Forest Hydrological Studies to Improve Water Management in Marine Lowlands in Palembang, Indonesia

Thesis event information

Date and time of the thesis defence

Place of the thesis defence

Riau, Indonesia

Topic of the dissertation

Forest Hydrological Studies to Improve Water Management in Marine Lowlands in Palembang, Indonesia

Doctoral candidate

Master of Science Dwinata Aprialdi

Faculty and unit

University of Oulu Graduate School, Faculty of Technology, Water, Energy and Environmental Engineering

Subject of study

hydrology, forest plantation, flooding area, Eucalyptus pellita


Professor Budi Indra Setiawan, IPB University


Professor Bjorn Klove, University of Oulu

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This doctoral thesis’ overall aim was to improve water management in marine lowlands

Marine lowlands are a challenging environment for forestry plantation in Indonesia, due to poor drainage, low soil pH and frequent flooding (caused by the almost completely flat area). In the beginning of 2017, OKI pulp and paper mill Ltd (machinery from Finland) initiated its production in the Palembang region in south-west Sumatra (Indonesia), where the wood for pulp is also produced. The area meant to provide wood to the mill will not be sufficient if the land and forest production deteriorates due to the observed potential problems with marine clays, such as land subsidence, floods and acidity. To meet the demand for wood, Sinar Mas forestry Ltd in the Palembang region has initiated a study to improve water and land management in order to maintain long term forest productivity. This doctoral thesis aims to study the hydrology and water management of the Eucalyptus pellita forest in these lowland areas. The first study focused on the water requirements of Eucalyptus pellita during initial growth (meso scale). The results showed that the average Kc value for E. pellita at age 40–142 days is 0.79, which exceeds that reported for E. grandis. Thus, the recommended irrigation requirement varies depending on precipitation, from 70 mL/plant/day with no rainfall to zero when there is precipitation of >30 mm/day. The second study was carried out to explore the functioning of the existing drainage system adjacent to a flooding river (catchment scale of water management). The study shows how the river capacity controls drainage. The second study showed the tidal affects in the river and the adjacent drainage area with Acacia plantations. Cleaning of the river had a significant effect on each river monitoring station and increased the discharge and velocity by more than 5 times and reduced the water level by more than 40%. The third study looked at the effect of the water table on growth of E. pellita (field scale). The results of third study showed that the best tree growth over a 12-month period was in WT 40 – 80 cm with mortality around 10%. With WT 0 – 40 cm, the mortality was 50% due to 2 months of flooding when the trees were 2 months old. With a shallow WT range of 0 – 40 cm, the trees had the shortest root depth (about 22 cm). This thesis provides practical information to support sustainable forest management in Indonesian lowlands, while also considering local communities. The framework presented here could be used by operation teams in order to ensure wood for the regional pulp and paper industry in Indonesia.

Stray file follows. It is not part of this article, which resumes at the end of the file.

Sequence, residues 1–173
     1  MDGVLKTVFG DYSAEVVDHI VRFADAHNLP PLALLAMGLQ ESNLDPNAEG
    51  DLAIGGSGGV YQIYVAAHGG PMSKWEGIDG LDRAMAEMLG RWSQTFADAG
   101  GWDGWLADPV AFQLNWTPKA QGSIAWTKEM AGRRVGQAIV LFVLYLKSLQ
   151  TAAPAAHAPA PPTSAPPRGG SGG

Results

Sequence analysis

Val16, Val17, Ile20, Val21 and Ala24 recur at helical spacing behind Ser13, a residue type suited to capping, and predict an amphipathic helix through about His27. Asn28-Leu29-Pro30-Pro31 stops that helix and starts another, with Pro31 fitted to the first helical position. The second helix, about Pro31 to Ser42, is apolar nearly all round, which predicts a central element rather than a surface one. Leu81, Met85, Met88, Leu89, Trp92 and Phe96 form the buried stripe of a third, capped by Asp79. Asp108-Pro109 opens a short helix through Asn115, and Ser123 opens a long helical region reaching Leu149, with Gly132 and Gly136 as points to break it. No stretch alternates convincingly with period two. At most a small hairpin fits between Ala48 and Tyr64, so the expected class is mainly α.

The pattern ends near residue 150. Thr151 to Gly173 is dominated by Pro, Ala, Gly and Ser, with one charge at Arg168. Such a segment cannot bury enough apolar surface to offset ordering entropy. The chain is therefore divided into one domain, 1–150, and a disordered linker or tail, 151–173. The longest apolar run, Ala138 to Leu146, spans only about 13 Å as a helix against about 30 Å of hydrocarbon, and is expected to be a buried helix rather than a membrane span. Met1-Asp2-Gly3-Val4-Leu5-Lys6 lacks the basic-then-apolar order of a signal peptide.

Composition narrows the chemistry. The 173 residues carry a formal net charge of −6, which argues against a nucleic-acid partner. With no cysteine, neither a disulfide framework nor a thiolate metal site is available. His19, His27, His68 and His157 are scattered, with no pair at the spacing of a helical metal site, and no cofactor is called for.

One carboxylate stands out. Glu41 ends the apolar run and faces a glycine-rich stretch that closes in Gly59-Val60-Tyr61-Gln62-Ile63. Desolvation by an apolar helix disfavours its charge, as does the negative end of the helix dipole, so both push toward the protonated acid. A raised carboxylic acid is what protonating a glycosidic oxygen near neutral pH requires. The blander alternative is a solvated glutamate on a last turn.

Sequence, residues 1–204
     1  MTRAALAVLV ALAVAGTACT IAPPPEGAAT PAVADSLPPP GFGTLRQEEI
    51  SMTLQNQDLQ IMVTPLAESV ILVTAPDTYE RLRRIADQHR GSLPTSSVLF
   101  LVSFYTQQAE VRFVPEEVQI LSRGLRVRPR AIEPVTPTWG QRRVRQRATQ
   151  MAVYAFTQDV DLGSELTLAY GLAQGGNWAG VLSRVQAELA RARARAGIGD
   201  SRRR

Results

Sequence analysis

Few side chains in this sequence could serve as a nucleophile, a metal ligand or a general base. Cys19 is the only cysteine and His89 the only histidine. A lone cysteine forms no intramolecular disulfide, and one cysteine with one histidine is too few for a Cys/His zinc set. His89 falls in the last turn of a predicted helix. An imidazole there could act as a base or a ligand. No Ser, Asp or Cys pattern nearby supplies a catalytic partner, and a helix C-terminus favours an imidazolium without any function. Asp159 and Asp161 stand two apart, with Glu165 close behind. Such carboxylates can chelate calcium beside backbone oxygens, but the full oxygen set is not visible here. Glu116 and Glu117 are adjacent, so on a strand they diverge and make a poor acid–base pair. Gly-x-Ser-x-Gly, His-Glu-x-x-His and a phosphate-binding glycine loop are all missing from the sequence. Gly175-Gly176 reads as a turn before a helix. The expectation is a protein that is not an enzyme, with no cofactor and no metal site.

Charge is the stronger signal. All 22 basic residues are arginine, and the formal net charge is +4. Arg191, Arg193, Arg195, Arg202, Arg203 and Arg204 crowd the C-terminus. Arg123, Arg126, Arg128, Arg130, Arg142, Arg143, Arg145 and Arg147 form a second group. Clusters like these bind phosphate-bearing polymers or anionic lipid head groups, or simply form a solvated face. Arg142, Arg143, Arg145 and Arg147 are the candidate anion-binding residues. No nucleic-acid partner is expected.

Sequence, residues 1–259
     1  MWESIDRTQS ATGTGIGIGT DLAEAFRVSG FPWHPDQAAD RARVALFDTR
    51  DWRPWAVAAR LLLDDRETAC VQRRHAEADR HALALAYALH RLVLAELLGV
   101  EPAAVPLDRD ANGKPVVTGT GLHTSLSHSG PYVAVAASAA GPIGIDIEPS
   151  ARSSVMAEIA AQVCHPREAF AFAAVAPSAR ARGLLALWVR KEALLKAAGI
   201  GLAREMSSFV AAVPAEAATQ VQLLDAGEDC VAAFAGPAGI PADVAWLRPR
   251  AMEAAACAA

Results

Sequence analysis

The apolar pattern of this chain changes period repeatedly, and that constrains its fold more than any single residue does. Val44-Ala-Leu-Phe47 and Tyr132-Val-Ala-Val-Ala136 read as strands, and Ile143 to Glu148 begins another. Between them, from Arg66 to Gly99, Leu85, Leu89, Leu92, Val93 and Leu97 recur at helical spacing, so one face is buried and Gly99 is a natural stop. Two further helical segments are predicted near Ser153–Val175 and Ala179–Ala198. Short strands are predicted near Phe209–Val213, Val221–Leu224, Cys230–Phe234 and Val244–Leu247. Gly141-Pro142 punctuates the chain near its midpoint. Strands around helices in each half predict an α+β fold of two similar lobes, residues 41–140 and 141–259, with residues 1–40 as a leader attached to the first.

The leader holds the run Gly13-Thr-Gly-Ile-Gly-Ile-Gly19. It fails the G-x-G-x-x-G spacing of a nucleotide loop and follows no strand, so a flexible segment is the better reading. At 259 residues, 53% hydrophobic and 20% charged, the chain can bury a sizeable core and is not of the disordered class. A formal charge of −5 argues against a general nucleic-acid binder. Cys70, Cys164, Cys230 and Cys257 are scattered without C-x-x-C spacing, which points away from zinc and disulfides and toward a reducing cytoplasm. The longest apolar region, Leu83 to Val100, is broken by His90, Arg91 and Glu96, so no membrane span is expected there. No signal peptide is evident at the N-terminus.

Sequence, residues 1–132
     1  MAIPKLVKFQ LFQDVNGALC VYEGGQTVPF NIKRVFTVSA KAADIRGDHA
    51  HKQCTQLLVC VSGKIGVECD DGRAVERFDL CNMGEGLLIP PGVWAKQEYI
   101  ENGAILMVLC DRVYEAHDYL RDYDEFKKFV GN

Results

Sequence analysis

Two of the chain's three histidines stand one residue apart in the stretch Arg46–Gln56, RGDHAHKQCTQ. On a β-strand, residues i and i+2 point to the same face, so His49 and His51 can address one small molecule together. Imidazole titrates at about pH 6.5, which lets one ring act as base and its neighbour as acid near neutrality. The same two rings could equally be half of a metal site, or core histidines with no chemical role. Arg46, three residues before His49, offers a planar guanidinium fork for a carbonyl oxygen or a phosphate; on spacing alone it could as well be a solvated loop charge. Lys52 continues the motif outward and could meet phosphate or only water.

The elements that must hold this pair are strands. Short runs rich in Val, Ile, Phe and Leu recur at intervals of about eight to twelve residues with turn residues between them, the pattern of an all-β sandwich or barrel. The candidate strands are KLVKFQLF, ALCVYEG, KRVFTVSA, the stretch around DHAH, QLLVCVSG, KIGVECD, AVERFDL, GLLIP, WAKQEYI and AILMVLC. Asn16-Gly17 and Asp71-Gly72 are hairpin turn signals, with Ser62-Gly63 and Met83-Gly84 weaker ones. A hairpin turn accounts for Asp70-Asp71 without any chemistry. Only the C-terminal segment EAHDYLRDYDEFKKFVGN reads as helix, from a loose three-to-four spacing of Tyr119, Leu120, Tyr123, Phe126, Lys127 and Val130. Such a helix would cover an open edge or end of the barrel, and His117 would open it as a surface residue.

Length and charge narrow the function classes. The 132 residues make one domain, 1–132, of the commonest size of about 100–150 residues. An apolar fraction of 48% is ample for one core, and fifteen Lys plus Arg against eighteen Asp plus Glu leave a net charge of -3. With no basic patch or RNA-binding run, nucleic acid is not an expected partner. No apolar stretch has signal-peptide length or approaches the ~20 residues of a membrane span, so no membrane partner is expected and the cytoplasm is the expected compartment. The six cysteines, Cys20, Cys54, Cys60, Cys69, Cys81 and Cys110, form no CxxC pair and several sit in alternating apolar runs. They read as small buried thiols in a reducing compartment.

Last updated: 23.1.2024